Bill Skees, 56, of Glen Rock, N.J. ditched his job as an IT development director for a new career as a bookstore owner.
(MONEY Magazine) — Bill Skees has been a bibliophile for as long as he can remember. His favorite haunt growing up in Midland, Texas, was a bookstore called Miz B’s. “I’d look at her behind the counter and think, ‘That’s got to be the greatest job in the world,’ ” he says.
In the decades that followed, Skees crossed the country for various jobs in IT, most recently heading development for a gaming company. But the work was stressful, and every chance he got, he slipped off to a bookstore. All the while, he dreamed of opening his own shop.
In 2003, Skees — then 49 and settled in Glen Rock, N.J. — began laying the groundwork.
While transitioning to IT consulting, he attended a course on opening a bookstore, networked with shop owners, and ran financial models. Though indie stores were under great pressure from e-books and online retailers, this didn’t deter him.
The bigger stumbling block: real estate. “It was just too expensive in my area.” He decided to put off the idea until he retired and could move.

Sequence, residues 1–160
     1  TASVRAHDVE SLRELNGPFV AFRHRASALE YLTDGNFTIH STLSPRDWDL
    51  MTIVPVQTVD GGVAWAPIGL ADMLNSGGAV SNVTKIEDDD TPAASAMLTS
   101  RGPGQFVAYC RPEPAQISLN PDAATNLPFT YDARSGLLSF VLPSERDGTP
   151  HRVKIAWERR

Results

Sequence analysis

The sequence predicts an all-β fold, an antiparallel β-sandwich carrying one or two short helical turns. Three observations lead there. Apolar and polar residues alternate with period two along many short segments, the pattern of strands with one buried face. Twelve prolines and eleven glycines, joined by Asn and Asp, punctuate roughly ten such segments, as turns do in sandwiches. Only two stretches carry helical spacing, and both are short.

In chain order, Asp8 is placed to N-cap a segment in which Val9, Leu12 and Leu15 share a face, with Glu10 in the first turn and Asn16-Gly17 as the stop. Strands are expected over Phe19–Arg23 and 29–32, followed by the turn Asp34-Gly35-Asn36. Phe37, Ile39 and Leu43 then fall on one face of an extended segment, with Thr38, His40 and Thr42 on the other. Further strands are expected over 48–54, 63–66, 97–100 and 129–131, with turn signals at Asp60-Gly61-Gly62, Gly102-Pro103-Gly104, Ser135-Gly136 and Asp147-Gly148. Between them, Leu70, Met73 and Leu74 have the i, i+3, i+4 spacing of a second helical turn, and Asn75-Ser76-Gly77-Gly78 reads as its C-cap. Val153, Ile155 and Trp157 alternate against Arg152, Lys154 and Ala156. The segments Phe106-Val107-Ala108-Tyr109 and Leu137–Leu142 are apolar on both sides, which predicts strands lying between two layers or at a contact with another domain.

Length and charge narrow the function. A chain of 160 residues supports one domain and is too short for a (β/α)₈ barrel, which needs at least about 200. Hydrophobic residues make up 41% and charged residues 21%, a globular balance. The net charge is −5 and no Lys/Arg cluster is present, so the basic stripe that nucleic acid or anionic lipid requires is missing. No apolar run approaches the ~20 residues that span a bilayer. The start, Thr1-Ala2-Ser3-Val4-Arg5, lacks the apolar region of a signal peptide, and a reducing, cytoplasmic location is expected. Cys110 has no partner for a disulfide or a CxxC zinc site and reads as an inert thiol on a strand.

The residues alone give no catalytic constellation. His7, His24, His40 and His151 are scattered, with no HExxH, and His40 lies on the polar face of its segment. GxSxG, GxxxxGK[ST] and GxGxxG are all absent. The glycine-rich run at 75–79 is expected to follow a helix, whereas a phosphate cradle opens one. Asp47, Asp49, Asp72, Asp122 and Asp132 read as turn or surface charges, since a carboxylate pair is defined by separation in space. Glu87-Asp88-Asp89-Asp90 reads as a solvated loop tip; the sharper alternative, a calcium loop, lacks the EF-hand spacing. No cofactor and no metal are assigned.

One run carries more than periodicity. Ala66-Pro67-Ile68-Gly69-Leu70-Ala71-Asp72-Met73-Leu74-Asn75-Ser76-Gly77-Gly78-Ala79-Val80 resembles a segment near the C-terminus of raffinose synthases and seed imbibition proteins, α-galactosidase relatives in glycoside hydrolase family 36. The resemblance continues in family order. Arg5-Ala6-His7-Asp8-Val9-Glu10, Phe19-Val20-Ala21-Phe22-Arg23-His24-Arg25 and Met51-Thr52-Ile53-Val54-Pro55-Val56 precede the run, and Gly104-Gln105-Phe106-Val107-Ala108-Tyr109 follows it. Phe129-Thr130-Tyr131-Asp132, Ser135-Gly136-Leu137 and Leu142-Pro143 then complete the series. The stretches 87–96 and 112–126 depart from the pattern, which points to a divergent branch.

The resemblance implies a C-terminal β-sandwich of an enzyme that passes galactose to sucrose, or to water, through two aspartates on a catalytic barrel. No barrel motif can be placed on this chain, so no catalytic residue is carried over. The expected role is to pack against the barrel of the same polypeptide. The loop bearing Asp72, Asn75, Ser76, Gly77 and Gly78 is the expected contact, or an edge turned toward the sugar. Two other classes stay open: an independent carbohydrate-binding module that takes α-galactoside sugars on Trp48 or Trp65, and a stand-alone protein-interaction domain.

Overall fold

A dog walk one day in 2010 changed the timetable. While ambling in nearby Hawthorne, N.J., he spotted a store for rent. The price per foot was far cheaper than in the tonier areas he’d scouted. So with the support of his wife and three kids — then 17, 19 and 34 — he winnowed down his consulting clients and signed a lease.
Well Read Books opened just over a year ago, its inventory of 12,000 titles ranging from nonfiction to sci-fi.
Free Wi-Fi, book clubs, and author events have helped lure customers, and Well Read should break even in 2011 if it continues to average sales of $500 a day. Skees won’t go on the payroll until 2013, though.
And he’ll probably never match his old salary of $150,000. But he says he’s not in it for the money and is plenty happy with his decision.
His only complaint? “One day I’d love to have time to read a book again!”
How he did it
Amount needed to start up: $205,000
Skees spent $63,000 on improving the space (he and his family did much of the work); $43,000 on equipment, $99,000 on inventory.
He struck a deal with an antiques dealer to use its Adirondack-style chairs for seating and a rosewood table for displays.
Rate on family loans: 3.5%
“At the time I was starting up, small-business bank loans were hard to get,” says Skees. So he instead asked his six siblings for help.
He raised $124,000 from them, borrowing on a three-year term. He and his wife, Mary Ann, tapped savings for the remaining startup costs.
Annual income from other sources: $60,000
Skees still does some IT consulting on the side, and after a 15-year hiatus to raise the kids, Mary Ann went back to work as a teacher.
The couple also have $200,000 in cash to cover additional living expenses — besides having a total of $600,000 set aside for retirement and college.
Last year they still managed to contribute to an IRA.